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Parameter name: index
When and how should I fertilize my indoor plants?
How much and how often to fertilize an indoor plant depends on the plant, the season, and the environment. An actively-growing plant in bright light in midsummer may need fertilizing weekly. A mature plant that is spending the winter indoors under low light conditions may need no fertilizer from fall to spring.
When a new plant arrives in your home, do not fertilize it immediately. The sudden change in environment is a shock, it may not grow for a few weeks, it may even lose some leaves. When it shows new growth, you may begin to fertilize, lightly at first.
When foliage begins to turn yellow, one's first thought may be to fertilize. Wait! The problem may be cold temperatures, insufficient light, too much fertilizer, or the plant may be going dormant naturally.
If you suspect a problem, remove the soil-root ball from the pot and examine the roots. Solid, firm roots, red, brown or white, suggest good health, and possibly fertilizer will help. If the roots are soft, mushy, or black, the problem may be over watering, excess fertilizer, or toxic salts. If salts are found, return the soil ball to the pot and pour lots of water through the pot, letting the water drain through the pot, to wash out the fertilizer or salts. Then keep the plant drier than usual for several weeks.
A general lightening in color of the foliage and the production of smaller leaves may indicate the need to start fertilizing. Feed regularly when plants are actively growing. This is generally late spring, summer, and early fall. How bright the light is plays an important role with indoor plants. The brighter the light, and the faster the plant is growing, the more fertilizer it needs. Tropical plants under low-light conditions should not be stimulated with fertilizer in the winter. The fertilizer may encourage new growth that will be leggy or otherwise unsatisfactory.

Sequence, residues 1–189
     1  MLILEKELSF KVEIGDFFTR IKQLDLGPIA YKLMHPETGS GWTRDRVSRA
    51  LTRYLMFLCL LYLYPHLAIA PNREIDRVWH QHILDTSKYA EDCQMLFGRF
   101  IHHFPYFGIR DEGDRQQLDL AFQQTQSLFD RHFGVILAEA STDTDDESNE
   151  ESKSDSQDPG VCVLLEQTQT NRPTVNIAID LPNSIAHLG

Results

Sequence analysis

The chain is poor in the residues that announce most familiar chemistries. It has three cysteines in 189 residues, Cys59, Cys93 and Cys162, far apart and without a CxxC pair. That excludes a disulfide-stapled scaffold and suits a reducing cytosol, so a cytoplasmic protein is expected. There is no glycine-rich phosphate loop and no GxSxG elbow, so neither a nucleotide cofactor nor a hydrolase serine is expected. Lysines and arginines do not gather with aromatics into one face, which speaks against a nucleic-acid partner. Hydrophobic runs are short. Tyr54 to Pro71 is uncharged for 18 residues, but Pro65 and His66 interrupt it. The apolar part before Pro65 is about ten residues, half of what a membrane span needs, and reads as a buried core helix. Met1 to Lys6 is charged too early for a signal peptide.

The type of soil mix also influences how often you must feed and water your plant. A light soil mix - containing lots of peat moss, vermiculite, or perlite - needs water and fertilizer more often. A mixture containing garden soil needs them less often.
There are several ways to fertilize indoor plants. Slow release fertilizers are easy to use but expensive. You can buy tablets or small granules to spread on the soil surface, following the manufacturer's directions. Liquid fertilizers are also satisfactory. Generic dry granules, as 12-12-12, are very satisfactory and the cheapest. Whatever the fertilizer, do not let it touch the foliage and water it in well after application.